I consider my cell phone an asset. With all those hi-tech capabilities packed into a little handset, it keeps me simultaneously connected, productive, on-time, en route, entertained and informed. And I'm not alone - more than 3 billion people around the world (almost half of the global population) have a cell phone. But what if this gadget that seems capable of reaching almost anybody and doing almost anything could also provide a mechanism for savings and asset building for individuals around the world? Despite seemingly limitless potential and enthusiasm for such an innovation, it will unfortunately be some time before this is a reality.
I've been following developments in mobile banking for some time. For years, excitement has been brewing about its potential to bank the unbanked, reach the unreachable. I've been to the events, the conferences, read the blogs and become a believer that this technology will one day help every person on the planet have a bank account, a financial identity, and an opportunity for wealth creation through access to low-cost, simple financial services. Sound hopelessly optimistic? Just check out the April 13 New York Times article "Can the Cellphone Help End Global Poverty?" or the CGAP announcement of its most recent focus note "Mobile Banking to Transform Microfinance." Pretty exciting stuff.
But after reading the CGAP report "the Early Experience with Branchless Banking," I see that the hype doesn't exactly match reality. Some disheartening observations discussed in this excellent report show that mobile banking is:
- Mainly used for payments, not savings or credit;
- Not actually used by or targeted to the poor, the unbanked, or those lacking access (geographic or otherwise) to the extent expected or hoped (less than 10% of all branchless banking customers);
- Offered to Bottom of the Pyramid (BOP) markets primarily as a result of competition among mobile operators, not by initiatives led by banks or governments;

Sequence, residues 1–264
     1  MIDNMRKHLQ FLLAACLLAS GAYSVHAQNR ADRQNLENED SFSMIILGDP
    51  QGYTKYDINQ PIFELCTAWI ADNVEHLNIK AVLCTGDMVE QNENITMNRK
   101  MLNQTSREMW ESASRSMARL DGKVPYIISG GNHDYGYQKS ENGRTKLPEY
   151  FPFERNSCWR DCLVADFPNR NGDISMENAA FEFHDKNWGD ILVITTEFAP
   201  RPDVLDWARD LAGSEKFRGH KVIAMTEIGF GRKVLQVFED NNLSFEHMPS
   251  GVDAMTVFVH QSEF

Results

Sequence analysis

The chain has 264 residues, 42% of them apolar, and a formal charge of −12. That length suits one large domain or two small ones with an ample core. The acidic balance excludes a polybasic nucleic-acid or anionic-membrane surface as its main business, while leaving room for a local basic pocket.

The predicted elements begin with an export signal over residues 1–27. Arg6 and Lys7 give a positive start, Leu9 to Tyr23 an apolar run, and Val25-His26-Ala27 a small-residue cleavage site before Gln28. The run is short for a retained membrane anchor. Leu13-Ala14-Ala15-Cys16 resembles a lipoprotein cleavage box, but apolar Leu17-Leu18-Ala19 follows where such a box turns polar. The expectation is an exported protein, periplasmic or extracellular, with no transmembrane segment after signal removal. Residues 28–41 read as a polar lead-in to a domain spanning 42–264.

- For regulatory, cost or other reasons, largely exclusive of MFIs (which are most capable of reaching the poorest of the poor), and;
- Because of strict Know Your Customer regulations (which require specific documentation for opening accounts), is unlikely to reach the poorest and most remote customers in the developing world, particularly those without any proof of identity.
Given all the promise and excitement around mobile banking, imagine my disappointment to read that it has "yet to demonstrate pro-poor, pro-growth impacts for households, communities and national economies."
Nonetheless, my enthusiasm for the potential of asset building via mobile phone is not tempered by these new findings. By most accounts, the capabilities are there, and so is the interest of financial institutions, governments and the development community. And the potential (and the need, and in some cases the demand) outweighs the obstacles. Eighty percent of the global population falls within range of a cell phone network and 68% of cell phone subscribers are in the developing world, but just a fraction of either of those populations have any sort of effective access to banking services. And the industry is slowly but surely finding creative ways to overcome certain obstacles. The CGAP report highlights numerous interesting examples of this, such as how South Africa's Exemption 17 from the Know Your Customer (KYC) requirements resulted in a gangbusters expansion of their mobile-banking poster child, Wizzit. And to be fair, in many cases, outcomes of mobile banking launches have largely surpassed expectations. According to the NYT article, for example, Kenya's m-pesa mobile banking program "aimed to add 200,000 new customers in the first year, but got them within one month." Now, m-pesa has over 2 million customers.
So I realize there is a ways to go before the cell phone can be used to effectively achieve financial inclusion of the poor and excluded, particularly in the developing world, much less facilitate simple, low-cost opportunities for savings and asset building. But my sense is still a hopeful one of not if but when. I encourage the asset-building field to seize upon the opportunities created by momentum around mobile banking to think deeper and more creatively about how to innovate within this space.